decline, some are not necessarily harmful and may confer other benefits.
However, the panel also emphasized the need for enhanced public understanding
that these proposed prevention strategies are currently, at best, only loosely
associated with improved outcomes. This means that carefully-designed randomized
studies may reveal that these modifiable factors enhance, detract, or have
no effect on preventing Alzheimer's disease and cognitive decline.
Software to Replace
Bill Gates’ $10 million investment in Schrodinger, a Portland-based drug
development software outfit, could give him a strategic position in the quest
to use powerful computers and state-of-the-art software to reengineer the
development of pharmaceuticals. Schrodinger is a company with a staff
of 140 and a mission to create software that can be used to simulate the
lab work that chemists perform during the discovery stage. The field
caught fire in the ‘90s but then burned and crashed to earth a decade ago.
The soaring cost of drug development, combined with a meager productivity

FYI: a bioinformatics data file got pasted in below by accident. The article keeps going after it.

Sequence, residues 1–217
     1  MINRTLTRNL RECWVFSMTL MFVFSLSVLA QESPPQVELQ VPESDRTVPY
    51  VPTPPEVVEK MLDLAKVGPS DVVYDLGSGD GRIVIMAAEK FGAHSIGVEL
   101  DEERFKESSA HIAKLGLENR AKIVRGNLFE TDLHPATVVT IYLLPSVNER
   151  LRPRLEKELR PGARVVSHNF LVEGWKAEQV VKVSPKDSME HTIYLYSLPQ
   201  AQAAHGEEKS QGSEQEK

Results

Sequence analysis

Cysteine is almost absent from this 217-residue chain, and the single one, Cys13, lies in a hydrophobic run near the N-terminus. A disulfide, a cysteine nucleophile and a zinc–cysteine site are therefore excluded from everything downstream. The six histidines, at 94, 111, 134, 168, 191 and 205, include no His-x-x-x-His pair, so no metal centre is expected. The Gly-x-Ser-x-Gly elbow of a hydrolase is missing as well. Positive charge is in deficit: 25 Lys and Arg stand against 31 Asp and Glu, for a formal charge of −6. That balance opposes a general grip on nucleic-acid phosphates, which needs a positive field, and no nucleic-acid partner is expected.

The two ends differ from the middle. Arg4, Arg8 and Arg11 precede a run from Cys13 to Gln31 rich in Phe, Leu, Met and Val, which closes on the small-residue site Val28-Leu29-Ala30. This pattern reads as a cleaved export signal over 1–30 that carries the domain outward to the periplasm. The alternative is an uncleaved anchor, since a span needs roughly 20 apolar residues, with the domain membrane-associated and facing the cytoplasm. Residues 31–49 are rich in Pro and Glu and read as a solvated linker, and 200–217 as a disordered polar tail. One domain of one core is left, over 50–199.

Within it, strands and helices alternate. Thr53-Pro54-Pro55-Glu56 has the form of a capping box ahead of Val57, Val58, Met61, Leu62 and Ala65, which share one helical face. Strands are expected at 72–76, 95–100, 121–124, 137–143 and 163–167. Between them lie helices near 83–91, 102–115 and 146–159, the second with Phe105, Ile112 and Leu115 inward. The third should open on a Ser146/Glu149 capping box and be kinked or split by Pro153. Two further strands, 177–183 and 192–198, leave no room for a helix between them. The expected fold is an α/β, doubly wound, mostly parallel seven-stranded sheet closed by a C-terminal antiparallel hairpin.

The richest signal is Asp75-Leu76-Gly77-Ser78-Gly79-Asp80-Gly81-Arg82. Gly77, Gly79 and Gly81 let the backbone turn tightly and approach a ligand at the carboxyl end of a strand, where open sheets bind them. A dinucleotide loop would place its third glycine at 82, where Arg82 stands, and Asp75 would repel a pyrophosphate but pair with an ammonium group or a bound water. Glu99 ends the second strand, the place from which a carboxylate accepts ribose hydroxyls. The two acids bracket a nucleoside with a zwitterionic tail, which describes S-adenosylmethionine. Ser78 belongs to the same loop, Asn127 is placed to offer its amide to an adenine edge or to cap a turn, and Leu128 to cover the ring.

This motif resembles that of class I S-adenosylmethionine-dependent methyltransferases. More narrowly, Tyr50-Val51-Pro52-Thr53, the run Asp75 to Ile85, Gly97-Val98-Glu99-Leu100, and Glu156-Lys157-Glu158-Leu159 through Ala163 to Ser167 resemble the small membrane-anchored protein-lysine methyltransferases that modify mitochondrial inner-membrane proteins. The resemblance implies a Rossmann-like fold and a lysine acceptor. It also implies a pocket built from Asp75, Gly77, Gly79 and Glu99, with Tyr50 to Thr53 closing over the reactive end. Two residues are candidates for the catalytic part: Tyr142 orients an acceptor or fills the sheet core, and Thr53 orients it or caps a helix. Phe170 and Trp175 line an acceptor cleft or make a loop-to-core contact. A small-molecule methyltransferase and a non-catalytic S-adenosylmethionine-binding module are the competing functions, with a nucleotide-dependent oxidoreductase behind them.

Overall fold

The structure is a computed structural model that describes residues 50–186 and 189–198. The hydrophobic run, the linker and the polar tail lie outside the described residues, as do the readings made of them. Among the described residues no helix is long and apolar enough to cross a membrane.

rate from Big Pharma pipelines, has focused new attention on the field. For
Gates, the key connection was meeting Schrodinger co-founder and Columbia
professor Richard Friesner while playing bridge.
In a radical departure from traditional research funding standards, the Bill
& Melinda Gates Foundation is handing out 81 grants of $100,000 each
to researchers who are thinking big about revolutionary new approaches to
protecting people from disease. And the Foundation's scientists know going
in that as many as 90 percent of the projects will fail. Based on nothing
more than a two-page outline with no requirement for data, researchers around
the world have been lining up for these Grand Challenges Explorations grants,
which come with the promise of $1 million more if the initial research proves
promising. Projects from 17 countries have been selected. They include work
on giving mosquitoes a cold to prevent them from biting people, developing
tomatoes that can therapeutically target viruses and using laser technology